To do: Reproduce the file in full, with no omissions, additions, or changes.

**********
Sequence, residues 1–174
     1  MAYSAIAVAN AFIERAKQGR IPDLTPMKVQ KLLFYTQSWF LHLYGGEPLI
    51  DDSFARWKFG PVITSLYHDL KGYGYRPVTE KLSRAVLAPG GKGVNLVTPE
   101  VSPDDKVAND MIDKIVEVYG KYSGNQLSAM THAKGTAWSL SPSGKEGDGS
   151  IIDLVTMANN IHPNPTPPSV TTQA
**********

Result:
Sequence, residues 1–174
     1  MAYSAIAVAN AFIERAKQGR IPDLTPMKVQ KLLFYTQSWF LHLYGGEPLI
    51  DDSFARWKFG PVITSLYHDL KGYGYRPVTE KLSRAVLAPG GKGVNLVTPE
   101  VSPDDKVAND MIDKIVEVYG KYSGNQLSAM THAKGTAWSL SPSGKEGDGS
   151  IIDLVTMANN IHPNPTPPSV TTQA